Inside Flexjet’s Newest  Million Gulfstream G650

Inside Flexjet’s Newest $75 Million Gulfstream G650

Inside Flexjet’s Newest  Million Gulfstream G650

As Flexjet looks to transition to a publicly traded company later this year through a SPAC merger, it’s focused on delivering high-quality service and eye-catching cabin design, the latter aiming to differentiate its aircraft interiors from the browns and beiges typical of private jets.

As the Cleveland-based split-operator has worked hard to end the single plane since unveiling its LXi cabin collection in 2015 and its dedicated Red Label crew service, its new cabin design has been on display. for a client event this week at the Opa in Miami. Locka Executive Airport and Forbes was invited to take a look.


The ultra-long-range Gulfstream G650, which sells for around $75 million new (Controller lists a 2021 used version for $61 million), can fly for up to 16 hours nonstop. Last September, Flexjet recorded its first of its kind in Europe as it accelerates its international expansion beyond its US base. He now sells to customers based in the Middle East.

The most recent design is part of Project Bacalar, a partnership with premium automaker Bentley and includes one of its Sikorsky S-76 helicopters.


You can recognize the Bacalar G650s by its green ribbon Julep stripe in place of the standard red gold. Once inside, there are several configurations. The Bacalar version has a forward galley, crew rest area and lavatory. Then there are the typical four club seats facing each other in a 1 by 1 configuration.

At mealtime, the conference table can be extended and a hidden two-seater sofa can be revealed, allowing for seated dining for up to six people. Aft is a separate cabin with a sofa that converts into a double bed, a club chair and a 42-inch flat-screen TV.


Behind the owners/entertainment area is the main lavatory and behind this cabin is access to baggage storage.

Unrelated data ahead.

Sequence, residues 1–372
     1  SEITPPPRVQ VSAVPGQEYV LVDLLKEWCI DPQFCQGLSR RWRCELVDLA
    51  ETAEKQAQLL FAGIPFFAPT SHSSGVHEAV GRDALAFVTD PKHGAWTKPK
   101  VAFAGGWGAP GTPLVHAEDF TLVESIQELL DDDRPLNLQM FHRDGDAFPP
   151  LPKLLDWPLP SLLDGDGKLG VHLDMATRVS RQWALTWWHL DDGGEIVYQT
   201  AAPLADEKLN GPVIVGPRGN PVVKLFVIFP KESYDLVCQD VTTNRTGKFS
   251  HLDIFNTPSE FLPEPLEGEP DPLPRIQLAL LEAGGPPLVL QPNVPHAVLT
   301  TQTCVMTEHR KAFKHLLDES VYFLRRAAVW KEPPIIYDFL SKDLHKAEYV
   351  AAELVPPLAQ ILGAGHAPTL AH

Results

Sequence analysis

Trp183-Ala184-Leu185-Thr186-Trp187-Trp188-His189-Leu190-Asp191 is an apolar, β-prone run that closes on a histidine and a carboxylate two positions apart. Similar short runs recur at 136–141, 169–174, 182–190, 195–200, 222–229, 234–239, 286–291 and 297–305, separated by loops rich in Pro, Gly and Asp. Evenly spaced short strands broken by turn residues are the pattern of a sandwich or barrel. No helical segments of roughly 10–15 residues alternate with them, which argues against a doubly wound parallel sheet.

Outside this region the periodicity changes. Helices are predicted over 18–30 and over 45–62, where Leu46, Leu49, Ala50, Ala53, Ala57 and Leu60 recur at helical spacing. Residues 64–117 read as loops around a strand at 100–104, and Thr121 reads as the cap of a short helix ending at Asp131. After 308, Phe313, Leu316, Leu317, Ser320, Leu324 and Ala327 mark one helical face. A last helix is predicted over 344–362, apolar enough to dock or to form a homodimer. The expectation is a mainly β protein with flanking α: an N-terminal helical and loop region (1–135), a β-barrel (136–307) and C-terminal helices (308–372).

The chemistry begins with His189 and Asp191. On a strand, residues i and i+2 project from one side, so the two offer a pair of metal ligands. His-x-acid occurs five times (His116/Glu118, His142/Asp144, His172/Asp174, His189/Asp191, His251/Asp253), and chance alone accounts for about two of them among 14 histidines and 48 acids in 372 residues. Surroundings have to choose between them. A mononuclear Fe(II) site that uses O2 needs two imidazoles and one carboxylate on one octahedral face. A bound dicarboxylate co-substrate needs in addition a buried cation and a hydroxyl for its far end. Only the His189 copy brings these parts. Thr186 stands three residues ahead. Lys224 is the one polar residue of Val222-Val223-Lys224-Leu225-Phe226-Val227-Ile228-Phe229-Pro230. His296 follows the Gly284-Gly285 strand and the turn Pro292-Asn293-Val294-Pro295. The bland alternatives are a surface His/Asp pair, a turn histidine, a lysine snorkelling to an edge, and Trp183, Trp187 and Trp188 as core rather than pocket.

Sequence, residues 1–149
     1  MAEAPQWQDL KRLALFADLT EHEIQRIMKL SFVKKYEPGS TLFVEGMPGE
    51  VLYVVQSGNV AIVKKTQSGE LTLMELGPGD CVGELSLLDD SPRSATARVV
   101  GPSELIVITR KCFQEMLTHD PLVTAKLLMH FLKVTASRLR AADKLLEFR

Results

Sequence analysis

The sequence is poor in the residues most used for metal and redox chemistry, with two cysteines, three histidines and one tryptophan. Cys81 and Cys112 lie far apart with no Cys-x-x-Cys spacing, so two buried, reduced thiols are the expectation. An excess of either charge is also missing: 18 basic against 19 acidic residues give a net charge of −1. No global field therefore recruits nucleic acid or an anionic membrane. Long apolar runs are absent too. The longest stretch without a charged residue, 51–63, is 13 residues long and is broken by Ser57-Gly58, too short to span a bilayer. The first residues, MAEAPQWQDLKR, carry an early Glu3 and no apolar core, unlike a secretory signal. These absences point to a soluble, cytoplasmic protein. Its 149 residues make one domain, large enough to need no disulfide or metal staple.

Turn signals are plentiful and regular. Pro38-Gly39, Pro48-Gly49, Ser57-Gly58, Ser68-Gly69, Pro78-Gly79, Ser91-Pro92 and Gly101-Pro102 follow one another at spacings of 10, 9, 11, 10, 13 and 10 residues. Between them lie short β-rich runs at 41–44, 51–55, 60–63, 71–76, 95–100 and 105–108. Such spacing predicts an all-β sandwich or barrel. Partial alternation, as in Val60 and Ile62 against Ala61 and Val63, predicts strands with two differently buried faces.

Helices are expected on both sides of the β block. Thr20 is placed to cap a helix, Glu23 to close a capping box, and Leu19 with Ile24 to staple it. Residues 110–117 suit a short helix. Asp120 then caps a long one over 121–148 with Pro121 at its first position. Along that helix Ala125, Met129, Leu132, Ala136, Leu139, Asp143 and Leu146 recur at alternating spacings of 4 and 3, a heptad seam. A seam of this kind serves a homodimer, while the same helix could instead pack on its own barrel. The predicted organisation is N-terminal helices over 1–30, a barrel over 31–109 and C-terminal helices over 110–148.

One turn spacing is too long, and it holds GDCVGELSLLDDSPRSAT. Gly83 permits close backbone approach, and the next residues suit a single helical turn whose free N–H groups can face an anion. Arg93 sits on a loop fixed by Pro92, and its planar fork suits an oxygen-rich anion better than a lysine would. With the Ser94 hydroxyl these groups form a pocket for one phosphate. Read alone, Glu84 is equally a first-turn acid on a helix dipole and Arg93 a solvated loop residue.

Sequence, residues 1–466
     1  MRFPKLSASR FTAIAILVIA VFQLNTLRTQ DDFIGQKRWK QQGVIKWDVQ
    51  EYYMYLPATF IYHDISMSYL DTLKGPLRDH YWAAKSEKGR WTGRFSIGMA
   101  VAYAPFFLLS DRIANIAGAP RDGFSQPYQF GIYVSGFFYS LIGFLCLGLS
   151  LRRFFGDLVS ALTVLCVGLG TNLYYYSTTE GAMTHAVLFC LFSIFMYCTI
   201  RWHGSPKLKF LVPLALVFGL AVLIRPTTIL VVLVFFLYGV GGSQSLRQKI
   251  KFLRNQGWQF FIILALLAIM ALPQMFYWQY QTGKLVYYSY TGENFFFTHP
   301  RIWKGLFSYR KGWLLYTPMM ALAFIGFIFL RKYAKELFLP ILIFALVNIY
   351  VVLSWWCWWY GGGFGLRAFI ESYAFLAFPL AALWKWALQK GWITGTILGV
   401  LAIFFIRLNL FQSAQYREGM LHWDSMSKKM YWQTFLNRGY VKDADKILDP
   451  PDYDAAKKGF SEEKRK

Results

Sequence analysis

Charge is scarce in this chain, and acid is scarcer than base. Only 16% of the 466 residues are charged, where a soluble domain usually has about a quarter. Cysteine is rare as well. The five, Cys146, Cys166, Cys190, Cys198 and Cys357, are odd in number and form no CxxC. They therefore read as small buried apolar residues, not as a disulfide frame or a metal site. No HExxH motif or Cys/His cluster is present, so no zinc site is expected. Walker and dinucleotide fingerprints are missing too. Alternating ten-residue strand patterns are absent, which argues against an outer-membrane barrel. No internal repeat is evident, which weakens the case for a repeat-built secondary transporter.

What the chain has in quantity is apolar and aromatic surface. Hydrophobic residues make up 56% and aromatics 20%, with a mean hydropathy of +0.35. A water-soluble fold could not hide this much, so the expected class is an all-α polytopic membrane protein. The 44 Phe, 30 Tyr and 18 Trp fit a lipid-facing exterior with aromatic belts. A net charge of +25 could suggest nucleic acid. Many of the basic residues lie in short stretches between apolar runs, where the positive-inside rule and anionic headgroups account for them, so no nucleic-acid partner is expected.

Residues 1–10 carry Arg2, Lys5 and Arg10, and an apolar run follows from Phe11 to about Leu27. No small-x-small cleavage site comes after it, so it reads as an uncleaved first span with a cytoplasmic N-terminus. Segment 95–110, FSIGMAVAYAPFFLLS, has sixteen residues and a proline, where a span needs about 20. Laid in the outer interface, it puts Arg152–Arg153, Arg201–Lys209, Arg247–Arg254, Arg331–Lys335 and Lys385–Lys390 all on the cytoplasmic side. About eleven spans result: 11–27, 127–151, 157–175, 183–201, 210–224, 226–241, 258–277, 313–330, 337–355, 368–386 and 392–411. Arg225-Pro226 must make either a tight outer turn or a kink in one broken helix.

Although the design was inspired by Bentley, all materials must comply with safety requirements. A press release notes: “The 5,000-year-old reclaimed river wood that forms the Bacalar’s handcrafted veneer inspired the corresponding wood veneer species used in both aircraft. Bacalar satin bronze fixtures adorn the cabins, along with a unique diamond-carved carpet.

However, the newest interior is just the start of Flexjet’s plans to elevate its service to even higher levels, said experience director Megan Wolf.


After stepping down as chief operating officer in September, Wolf, a 20-year veteran of the company, is tasked with differentiating the Flexjet experience.

As well as opening more of its own private terminals in key markets – locations in Bozeman, Miami, London and Scottsdale will be added to its current five locations; Flexjet is increasing the service quotient in its large fleet of cabins and ultra-long-haul flights.

For example, Vice President, Owner Experience Francesco Vanerio and Wolf reveal small touches such as the classic European preparation of the sides of the table on board.

Vanerio, who was recruited by Flexjet chairman Kenn Ricci after the two met while working at Villa d’Este and where Ricci was a guest, says the idea was accidental.

After noticing that guests on a long flight seemed annoyed by the typical presentation of pre-plated meals in the galley, he decided to freelance and bring the ingredients for a fresh salad to the cabin, where he made a dressing to order and entertained guests with her elegant presentation.


Once word got back to Ricci, he asked Wolf to figure out how Flexjet could up his game, and now she and Vanerio are testing what’s doable in terms of pushing the boundaries, allowing flight attendants to stock up. in ingredients from local suppliers to complete the pre-ordered catering. .

“We start by offering it as an option. You have to read the play. If someone is busy working, we won’t interrupt them. But on a long flight to Hawaii, it provides entertainment, a bit of drama,” she says.

Vanerio says customers especially love seeing flight attendants make custom dressings from high-quality ingredients “instead of something that comes from a container.”

Unlike airline flight attendants who often rebel when asked to do more, Wolf says that’s not a problem at Flexjet. She says attendants are excited to be able to add new service items. “It’s part of our passion for service. Flexjet expects to more than double the number of its current 76 flight attendants this year.


On the ground, the expanded terminals give Flexjet a way to better build its relationship with co-owners who spend millions of dollars buying aircraft shares and then millions of dollars a year in flight, Wolf says.

For example, during the holidays, she was able to offer owners picnic baskets of Russian Caviar when they left or arrived. At its Naples location, which sees up to 40 flights on peak days, it allows owners who live there seasonally to store their cars in a shed sheltered from the weather.

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